Australians started World War IIDenied an outlet for its criminals in the Americas, Britain sent an unsavoury bunch of people around the world, who landed in Australia in 1788. They grew, thrived, and prospered as only European colonies can do, until in 1901 they became a Commonwealth in 1901. Then, on September 3, 1939, Australia declared war against Germany. So began World War II. Simple, isn't it?
Of course, it isn't. At Revise and Dissent, Brett Holman has been pondering when WWII began. He gives three possible dates: first, 1937, when hostilities began between China and Japan; second, good ole' 1939; third, 1940, when Italy declared war against France because of the real possibility of warfare in Africa among the European powers. Which does he chose? The conservative date of September 3, 1939, which, by his own admission, affirms his British perspective.
I'll give Brett his subjective judgment, but it still raises the question for the non-Britons, when did World War II begin? Was there something magical about 9-3-39? The more I ponder this, the more I feel that it is a question of the prestige of the powers that came into the conflict: Britain and France, two nations who prided themselves in their global stretch. Colonies and submarine warfare aside, their declaration of war against Germany, along with those of Australia and New Zealand, did nothing to expand the theater of battle outside the European region. Germany was in no position to fight in Africa or Asia, at least not until the falls of Belgium, Netherlands, Denmark and France, all nations that possessed overseas colonies nominally under German control. Australia or New Zealand sending troops to Europe would not have made for multi-regional theaters.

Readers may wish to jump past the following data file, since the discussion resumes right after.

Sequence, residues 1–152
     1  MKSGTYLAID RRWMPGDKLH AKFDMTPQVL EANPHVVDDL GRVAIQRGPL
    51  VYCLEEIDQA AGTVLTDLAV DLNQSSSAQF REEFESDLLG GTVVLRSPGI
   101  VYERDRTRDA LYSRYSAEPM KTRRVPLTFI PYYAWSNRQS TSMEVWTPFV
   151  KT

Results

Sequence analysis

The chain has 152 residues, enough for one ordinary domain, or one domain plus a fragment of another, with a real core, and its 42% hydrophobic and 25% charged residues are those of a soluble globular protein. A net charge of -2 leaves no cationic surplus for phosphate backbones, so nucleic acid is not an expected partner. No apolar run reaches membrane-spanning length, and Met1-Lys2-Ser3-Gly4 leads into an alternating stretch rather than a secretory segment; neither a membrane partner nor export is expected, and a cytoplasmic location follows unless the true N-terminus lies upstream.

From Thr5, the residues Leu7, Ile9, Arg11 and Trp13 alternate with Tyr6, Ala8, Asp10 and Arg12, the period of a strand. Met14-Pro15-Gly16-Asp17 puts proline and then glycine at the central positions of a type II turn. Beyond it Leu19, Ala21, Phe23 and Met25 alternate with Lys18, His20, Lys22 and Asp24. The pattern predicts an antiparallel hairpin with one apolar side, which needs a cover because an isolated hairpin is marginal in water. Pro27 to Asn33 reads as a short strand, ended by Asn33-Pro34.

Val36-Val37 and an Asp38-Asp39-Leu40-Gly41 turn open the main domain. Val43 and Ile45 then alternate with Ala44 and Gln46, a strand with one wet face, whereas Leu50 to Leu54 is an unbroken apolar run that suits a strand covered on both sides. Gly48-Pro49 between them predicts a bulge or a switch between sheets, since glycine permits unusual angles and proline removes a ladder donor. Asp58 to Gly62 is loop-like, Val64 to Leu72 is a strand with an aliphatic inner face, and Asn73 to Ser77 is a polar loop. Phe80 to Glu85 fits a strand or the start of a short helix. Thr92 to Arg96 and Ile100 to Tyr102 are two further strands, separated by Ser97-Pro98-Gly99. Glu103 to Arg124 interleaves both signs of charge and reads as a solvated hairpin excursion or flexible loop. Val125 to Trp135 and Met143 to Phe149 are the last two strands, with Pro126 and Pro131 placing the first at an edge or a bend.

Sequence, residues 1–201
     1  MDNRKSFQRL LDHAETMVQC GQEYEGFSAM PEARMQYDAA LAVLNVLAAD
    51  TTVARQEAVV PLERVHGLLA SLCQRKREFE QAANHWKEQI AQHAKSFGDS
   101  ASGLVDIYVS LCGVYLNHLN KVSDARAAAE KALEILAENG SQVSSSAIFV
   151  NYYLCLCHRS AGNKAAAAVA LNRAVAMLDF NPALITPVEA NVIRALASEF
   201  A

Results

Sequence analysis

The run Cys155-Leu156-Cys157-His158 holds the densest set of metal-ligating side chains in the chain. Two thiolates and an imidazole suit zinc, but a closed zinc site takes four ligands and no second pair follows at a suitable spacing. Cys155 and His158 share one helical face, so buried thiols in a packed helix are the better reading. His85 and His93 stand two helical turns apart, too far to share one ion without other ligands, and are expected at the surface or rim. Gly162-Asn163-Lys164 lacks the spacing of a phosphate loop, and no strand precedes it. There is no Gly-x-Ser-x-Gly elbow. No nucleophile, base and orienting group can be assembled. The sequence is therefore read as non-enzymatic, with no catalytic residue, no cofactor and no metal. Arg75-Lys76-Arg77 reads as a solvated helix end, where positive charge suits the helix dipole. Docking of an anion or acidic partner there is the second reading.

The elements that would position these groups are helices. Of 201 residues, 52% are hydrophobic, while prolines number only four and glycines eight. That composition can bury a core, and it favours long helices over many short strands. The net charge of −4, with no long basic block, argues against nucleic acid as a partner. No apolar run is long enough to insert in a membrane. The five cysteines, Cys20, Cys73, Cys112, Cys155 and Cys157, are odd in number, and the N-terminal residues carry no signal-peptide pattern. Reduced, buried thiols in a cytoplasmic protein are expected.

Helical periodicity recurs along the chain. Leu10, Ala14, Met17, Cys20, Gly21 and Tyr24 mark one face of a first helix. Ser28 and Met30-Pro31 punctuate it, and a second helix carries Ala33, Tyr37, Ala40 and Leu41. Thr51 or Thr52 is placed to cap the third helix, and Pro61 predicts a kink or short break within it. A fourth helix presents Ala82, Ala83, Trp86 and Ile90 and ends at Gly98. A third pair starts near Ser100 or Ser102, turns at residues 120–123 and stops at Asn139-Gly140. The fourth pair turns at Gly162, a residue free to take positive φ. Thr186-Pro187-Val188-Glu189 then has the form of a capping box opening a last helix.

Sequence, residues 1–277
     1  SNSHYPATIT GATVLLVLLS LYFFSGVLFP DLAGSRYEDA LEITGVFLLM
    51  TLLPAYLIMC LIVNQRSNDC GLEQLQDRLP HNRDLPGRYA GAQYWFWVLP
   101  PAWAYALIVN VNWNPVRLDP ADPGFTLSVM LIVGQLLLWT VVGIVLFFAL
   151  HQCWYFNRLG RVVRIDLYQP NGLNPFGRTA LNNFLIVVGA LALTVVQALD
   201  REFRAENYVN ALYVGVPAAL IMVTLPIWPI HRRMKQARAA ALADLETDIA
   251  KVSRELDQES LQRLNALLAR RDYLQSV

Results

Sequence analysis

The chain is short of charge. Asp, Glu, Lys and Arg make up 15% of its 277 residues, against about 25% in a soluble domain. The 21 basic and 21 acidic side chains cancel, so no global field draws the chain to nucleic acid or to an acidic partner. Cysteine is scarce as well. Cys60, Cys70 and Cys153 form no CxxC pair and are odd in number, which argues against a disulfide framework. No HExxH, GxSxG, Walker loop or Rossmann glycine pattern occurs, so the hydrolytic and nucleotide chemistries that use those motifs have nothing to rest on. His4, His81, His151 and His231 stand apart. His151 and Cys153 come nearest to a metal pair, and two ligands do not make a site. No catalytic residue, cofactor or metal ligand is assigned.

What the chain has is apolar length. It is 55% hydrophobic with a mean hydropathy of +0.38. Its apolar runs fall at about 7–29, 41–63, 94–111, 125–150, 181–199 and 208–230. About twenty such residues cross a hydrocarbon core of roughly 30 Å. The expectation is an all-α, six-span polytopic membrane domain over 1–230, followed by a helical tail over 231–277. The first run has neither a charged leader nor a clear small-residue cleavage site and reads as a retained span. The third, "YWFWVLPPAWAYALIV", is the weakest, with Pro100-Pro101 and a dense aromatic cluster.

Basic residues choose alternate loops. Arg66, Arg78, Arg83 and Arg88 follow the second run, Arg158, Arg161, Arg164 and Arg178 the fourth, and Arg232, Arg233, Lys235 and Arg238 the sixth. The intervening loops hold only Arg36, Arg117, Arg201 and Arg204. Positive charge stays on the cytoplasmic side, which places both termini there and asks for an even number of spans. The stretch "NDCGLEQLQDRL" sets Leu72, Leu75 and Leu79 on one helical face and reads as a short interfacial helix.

The larger question: every time a nation with colonies/an empire goes to war, is it a world war (or potentially one)? When the United States fought Mexican revolutionaries in the 1910s, was there potential for expansion to Hawai'i? For that matter, was the American Revolution a world war (or just a continuation of the Seven Years War)? Is fighting in eastern Congo an African World War, as some have claimed? Is Iraq a front in World War III (ok, perhaps this question should be left alone)? Finally, when was the first "world war"? Alexander in India, perhaps?
Of course, I want to make light of this. Many conflicts take place in the midst of international, worldwide processes. Even if Britain, France and Germany never fought anywhere but Europe, we would still have cause to zoom out to see larger issues at play. The same could be said of almost every conflict since the 16th century.